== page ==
Klinefelter syndrome is a relatively common genetic defect in males, which often doesn't become apparent until adulthood. Basically, Klinefelter men have an extra copy of the X chromosome in each of their cells. "Normal" men have one X chromosome and one Y chromosome. A man with Klinefelter syndrome may have two or more X chromosomes along with his Y.
This affects testosterone production in the man's body as he grows up, and can impact negatively on the development of his testicles. Nearly all Klinefelter males are infertile. Many men who have this condition never exhibit any symptoms, and are completely unaware of it until they start trying to have kids. Having said that, this lack of testosterone is obvious in some Klinefelter males, in that they may lack facial hair or have over-developed breasts. Some Klinefelter men have noticeably smaller than average testes.
In the vast majority of cases, it is not possible to help a Klinefelter man become a biological father. A very small number of men in this situation have fathered children, but only thanks to a very expensive and not-widely available fertility treatment, which we will describe in greater detail later on.
In the meantime, Klinefelter men who don't have access to such treatments should not give up on the idea of having a family. There are a number of options available to them. Adoption is on obvious one. Even if a man can't be the biological father of his child, his partner may want the experience of being pregnant and giving birth to a baby. This can be achieved through artificial insemination or in-vitro fertilization using donor sperm.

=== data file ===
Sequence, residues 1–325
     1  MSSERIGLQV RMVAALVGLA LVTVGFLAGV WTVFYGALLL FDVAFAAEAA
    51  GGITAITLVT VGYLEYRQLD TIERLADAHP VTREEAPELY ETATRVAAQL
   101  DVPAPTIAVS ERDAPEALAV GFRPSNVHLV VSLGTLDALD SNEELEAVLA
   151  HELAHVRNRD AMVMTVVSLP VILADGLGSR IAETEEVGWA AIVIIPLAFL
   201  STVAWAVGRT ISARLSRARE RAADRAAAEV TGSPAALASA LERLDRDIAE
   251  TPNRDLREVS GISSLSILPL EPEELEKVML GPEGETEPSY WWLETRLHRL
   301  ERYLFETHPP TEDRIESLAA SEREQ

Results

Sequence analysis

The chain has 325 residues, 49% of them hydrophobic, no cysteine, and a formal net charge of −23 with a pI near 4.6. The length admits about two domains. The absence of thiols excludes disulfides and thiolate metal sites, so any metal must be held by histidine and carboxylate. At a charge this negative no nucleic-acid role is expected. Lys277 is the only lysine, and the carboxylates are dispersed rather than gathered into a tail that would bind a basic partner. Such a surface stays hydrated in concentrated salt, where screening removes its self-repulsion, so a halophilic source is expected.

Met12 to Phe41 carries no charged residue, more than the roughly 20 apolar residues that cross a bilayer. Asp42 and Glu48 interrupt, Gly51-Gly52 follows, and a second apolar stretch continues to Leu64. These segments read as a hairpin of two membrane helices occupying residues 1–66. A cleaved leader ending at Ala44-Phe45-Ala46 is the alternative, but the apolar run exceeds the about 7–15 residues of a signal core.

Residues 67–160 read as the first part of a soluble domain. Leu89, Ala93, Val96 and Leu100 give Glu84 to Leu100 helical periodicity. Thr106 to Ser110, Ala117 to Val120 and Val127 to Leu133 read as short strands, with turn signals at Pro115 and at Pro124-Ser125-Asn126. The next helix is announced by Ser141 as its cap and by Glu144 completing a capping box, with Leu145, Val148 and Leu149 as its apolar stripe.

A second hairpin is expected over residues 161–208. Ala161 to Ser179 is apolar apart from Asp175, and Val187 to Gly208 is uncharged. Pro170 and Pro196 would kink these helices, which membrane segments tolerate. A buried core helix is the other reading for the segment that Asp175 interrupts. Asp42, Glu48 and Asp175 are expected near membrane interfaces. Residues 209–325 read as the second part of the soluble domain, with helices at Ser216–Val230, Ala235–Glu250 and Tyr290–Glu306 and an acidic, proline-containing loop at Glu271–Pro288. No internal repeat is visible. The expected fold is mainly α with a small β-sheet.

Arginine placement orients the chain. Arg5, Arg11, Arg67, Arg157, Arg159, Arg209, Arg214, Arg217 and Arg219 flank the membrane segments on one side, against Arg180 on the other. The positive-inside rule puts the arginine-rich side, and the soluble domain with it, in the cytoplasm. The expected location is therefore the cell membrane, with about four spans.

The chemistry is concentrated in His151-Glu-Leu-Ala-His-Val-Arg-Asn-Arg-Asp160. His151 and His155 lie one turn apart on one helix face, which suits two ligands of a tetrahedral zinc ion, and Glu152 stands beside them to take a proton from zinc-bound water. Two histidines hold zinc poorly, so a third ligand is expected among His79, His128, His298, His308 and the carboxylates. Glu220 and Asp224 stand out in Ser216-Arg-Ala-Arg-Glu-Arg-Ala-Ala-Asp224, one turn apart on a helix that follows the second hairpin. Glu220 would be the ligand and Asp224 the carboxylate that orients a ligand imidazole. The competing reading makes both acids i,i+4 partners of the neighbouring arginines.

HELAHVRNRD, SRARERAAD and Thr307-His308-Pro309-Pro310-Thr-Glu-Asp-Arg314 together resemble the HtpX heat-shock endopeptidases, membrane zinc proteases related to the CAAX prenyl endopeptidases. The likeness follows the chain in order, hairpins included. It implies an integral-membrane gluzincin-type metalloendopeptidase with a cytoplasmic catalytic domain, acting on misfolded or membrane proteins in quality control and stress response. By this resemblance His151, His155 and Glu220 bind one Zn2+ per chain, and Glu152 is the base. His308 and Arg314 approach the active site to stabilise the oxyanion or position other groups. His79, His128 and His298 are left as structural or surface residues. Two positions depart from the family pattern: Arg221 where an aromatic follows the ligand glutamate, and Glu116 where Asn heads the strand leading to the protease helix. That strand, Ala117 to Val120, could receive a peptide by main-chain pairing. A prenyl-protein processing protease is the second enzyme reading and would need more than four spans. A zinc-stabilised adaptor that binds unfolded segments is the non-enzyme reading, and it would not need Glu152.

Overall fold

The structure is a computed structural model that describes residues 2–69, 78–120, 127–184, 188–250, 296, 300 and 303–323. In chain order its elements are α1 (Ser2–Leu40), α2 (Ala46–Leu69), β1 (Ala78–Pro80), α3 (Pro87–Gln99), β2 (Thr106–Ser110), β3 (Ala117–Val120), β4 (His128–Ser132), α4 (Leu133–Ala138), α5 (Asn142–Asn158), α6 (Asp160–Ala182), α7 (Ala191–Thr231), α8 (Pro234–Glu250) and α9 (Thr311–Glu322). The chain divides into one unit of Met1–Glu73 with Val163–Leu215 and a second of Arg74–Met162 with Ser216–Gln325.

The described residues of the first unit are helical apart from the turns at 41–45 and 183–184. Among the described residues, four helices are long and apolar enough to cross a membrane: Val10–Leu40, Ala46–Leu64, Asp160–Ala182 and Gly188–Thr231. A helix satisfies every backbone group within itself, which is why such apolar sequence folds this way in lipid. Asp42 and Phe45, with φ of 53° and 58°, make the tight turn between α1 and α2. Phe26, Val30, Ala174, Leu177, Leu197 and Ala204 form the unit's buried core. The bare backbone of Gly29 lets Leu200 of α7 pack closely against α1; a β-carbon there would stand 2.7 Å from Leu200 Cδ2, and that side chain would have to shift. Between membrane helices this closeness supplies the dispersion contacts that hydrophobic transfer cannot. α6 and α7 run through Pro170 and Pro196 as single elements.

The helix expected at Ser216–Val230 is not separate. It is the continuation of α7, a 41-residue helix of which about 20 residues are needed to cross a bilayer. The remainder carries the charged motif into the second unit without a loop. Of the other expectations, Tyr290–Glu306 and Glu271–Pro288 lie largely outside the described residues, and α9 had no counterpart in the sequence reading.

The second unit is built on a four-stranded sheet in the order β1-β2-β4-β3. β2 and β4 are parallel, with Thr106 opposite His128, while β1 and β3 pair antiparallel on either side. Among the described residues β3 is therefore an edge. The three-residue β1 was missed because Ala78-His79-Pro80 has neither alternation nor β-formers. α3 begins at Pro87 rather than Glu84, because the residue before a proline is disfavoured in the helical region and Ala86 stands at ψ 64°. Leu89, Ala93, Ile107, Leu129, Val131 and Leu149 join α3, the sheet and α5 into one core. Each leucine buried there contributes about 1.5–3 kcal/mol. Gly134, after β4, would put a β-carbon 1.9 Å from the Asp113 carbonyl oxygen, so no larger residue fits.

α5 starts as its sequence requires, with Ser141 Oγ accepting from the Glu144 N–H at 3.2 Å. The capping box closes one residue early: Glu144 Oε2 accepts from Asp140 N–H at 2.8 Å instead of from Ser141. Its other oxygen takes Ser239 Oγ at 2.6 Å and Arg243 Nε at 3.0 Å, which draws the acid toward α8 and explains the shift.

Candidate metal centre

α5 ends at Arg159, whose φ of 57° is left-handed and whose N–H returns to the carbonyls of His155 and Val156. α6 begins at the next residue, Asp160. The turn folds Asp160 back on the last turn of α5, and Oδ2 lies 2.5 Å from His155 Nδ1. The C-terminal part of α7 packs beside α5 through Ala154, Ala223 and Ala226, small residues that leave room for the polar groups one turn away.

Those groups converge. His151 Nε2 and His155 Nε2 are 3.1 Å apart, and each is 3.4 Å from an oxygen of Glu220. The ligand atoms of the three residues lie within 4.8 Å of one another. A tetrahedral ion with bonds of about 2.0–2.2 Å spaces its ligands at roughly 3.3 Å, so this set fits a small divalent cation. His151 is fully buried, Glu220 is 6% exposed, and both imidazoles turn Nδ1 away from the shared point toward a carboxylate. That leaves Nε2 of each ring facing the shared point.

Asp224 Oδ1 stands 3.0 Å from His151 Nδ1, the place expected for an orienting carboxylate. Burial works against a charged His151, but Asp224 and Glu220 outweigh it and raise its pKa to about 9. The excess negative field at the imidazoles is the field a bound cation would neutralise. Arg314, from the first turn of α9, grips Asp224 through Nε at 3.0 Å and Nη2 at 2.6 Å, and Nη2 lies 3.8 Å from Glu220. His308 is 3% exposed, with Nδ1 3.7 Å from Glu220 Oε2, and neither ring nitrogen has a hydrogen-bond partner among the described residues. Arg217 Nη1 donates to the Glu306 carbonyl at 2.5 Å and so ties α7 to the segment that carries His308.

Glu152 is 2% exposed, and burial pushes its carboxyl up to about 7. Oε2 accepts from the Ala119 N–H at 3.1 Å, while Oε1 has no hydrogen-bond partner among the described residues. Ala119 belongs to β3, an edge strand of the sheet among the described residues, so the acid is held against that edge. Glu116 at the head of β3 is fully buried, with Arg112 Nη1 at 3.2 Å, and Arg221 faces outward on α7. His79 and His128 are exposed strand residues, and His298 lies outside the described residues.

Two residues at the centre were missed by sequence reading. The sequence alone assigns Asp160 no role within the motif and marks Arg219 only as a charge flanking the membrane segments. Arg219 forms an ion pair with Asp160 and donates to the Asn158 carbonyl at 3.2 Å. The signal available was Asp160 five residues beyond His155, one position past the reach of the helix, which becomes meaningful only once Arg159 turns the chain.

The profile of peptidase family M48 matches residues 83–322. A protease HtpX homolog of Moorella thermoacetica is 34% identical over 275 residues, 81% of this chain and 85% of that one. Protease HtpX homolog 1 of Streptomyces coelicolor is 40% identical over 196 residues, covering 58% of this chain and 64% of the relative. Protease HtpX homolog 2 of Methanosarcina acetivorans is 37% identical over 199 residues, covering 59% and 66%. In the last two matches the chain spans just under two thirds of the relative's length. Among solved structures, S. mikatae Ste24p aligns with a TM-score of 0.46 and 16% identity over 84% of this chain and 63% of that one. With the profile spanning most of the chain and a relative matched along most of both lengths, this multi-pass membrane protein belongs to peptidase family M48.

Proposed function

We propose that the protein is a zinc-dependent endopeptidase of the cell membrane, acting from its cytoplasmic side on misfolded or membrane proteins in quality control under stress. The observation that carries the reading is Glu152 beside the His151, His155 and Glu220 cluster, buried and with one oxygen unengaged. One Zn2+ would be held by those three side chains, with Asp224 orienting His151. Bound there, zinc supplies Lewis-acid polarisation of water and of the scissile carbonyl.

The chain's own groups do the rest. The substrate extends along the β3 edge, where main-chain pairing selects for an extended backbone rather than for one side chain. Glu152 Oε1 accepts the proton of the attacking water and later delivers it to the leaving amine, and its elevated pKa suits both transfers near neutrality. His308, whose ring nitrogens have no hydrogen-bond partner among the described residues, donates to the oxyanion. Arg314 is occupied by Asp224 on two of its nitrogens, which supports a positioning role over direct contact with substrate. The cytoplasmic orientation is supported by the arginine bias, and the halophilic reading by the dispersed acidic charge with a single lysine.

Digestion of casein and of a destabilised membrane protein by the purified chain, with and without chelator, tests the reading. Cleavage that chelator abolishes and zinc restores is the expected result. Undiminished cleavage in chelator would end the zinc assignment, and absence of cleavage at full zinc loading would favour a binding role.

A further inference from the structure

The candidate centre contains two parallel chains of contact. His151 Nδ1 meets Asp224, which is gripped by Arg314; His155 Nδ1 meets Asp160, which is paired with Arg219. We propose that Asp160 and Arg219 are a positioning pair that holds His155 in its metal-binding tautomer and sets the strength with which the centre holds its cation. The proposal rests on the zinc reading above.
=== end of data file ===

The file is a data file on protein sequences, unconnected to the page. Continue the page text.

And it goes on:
It can be hard for a man to accept that his partner will become pregnant using the sperm of another man, but there are many advantages to using a sperm donor at a licensed fertility clinic.
The identity of the sperm donor is withheld - the donor will never know that he has fathered the child in question unless the child decides when he or she turns 18 to enquire as to the identity of his or her biological father. The donor will have no rights to, or legal or financial responsibilities for your child.
Sperm donations used in reputable fertility clinics have been screened for any harmful infections (such as HIV, Hep C or B) or hereditary genetic disorders, so you know that the sperm you receive is safe.
Depending on the policy of your fertility clinic, you can learn certain details about the physical characteristics of your sperm donor. It's therefore theoretically possible to choose sperm from someone who has the same skin, eye or hair color as you.
The procedure mentioned above, whereby a very small number of Klinefelter men have become biological Dads, is called ICSI. This stands for intracytoplasmic sperm injection. It's a process that involves injecting a sperm cell directly into an egg cell that has been retrieved from a woman's ovaries during IVF treatment. This greatly increases the chances of successful fertilization.
It can be nearly impossible, unfortunately, to find sperm cells suitable for ICSI in a semen sample from a Klinefelter man. Therefore a TESE (testicular sperm extraction) procedure is required.
TESE is essentially a biopsy on the testicles performed under local anesthetic. The surgeon makes a small cut in the scrotum, and then uses a needle to extraction a tiny amount of testicular tissue. Sperm cells are then extracted from this tissue and, if they are living and healthy enough, they're used for ICSI fertilization.